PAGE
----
Q: Is that why a Devan Moylan story so important?

Ferentz: No question. He was wired right anyway, from the start. But what he has gone through, it was a very extensive procedure that he had done, it wasn't a sprained ankle. He knows what it is to lose time and it killed him to not be out there last year, and he had rehab. His appreciation for the game is sharper than the average player. Brian went through that. When you do that, go through an injury, you appreciate your chance and that is a real positive and something that will spread.

Q: There are a lot of players on the two deep with thin ‘playing' resumes. Does that bounce around your head?

Ferentz: I think it is exciting. I am not afraid of it. It's one of the great things about college football. I am not by any means suggesting we have another Bob Sanders on the roster, but Bob had some rough spots when he got in there. But he also brought something to the table, and some guys have that chance now, to bring something to the table for us. That part is going to be exciting. What we need is to have some great stories come out of this season. You always need that if you are going to have a good year in all phases of the game. A guy like Scott Boleyn, who did so many things for us on special teams. We need every piece of the puzzle to come together.

Q: You have a lot of newer faces, and Julian Vandervelde was a gray shirt….

Ferentz: The science of recruiting, right?

Q: How are you preparing them?

Ferentz: Julian has a very real opportunity here. He is right in the thick of it, that is the neat thing bout it all. Some of the other guys were more heralded than Julian. He is like Mike Elgin in some ways, the last guy in the class and all of that. He has some physical attributes that are impressive, and he has a mind where he can process information. He is mature, not in awe of anything right now. If he does start, I won't lay awake. He will blow a few things out there, but he has a very real chance. He will make the competition interesting.

Q: Do you remember the recruiting process with him?

Ferentz: We offered him, one of three schools. Fortunately he wanted to come here. We had never done that gray shirt deal til then. It was important for him to come here and we had some things open up last year and we invited him to camp and I am glad he did. From the neck up, he gives himself a chance. He has good discipline. I joked about him eating a lot of cheese fries on that recruiting visit. A lot of times some big guys have a hard time backing away, but he has done a great job. He has mental discipline that is uncommon.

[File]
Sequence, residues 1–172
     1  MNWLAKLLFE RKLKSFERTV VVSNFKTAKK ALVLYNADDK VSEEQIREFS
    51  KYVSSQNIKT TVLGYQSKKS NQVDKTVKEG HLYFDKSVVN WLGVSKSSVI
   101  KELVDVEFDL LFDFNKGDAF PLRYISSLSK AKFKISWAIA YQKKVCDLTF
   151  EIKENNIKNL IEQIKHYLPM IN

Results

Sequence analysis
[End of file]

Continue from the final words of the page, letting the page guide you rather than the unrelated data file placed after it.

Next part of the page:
Q: Some guys that came in with pedigrees, they are now in a position to play.

Ferentz: Those guys, they are in their third year here. Tony has played a lot and played well. We expect those guys to do it too. It's their time; that is why they came here. Realistically, third year on campus, and you have ea chance to be in the thick of things.

Q: Jake has played, but does he have the whole play book?

Ferentz: He does right now. But we will see how it goes during camp. We will tailor things a bit towards what he does best. I don't envision us being handcuffed there. He will have to learn some things on the fly, but he is not getting hall pass and he doesn't want one.

Q: Does he pass better than Drew and not run quit as well as Drew did?

Ferentz: How would I describe Drew; he threw better under duress at times, and sometimes we reciprocated and allowed those situations, especially in 2004. And Drew is an elusive guy. Jake is a pretty fair athlete, too. I think he will do fine on that stuff. He throws the ball well. He can make the throws. He is not a 6-4 guy, but I don't see any of that stuff keeping him from being successful.

Q: What kind of blocker is Brandon Myers?

Ferentz: Not bad. That is something he is working on. He was more of a basketball player, and those skills attracted us more than his football skills. I think he has improved there, and he might have been our most improved player back in December. He has made some tough catches in practice. He looked like a more well rounded tight end in December and that carried into the spring. I think he is in the ball park.

Q: It looks like you have to good runners at that position, guys with good ball skills.

Ferentz: We are glad they are both here. I think they can both do good things and we are counting on that.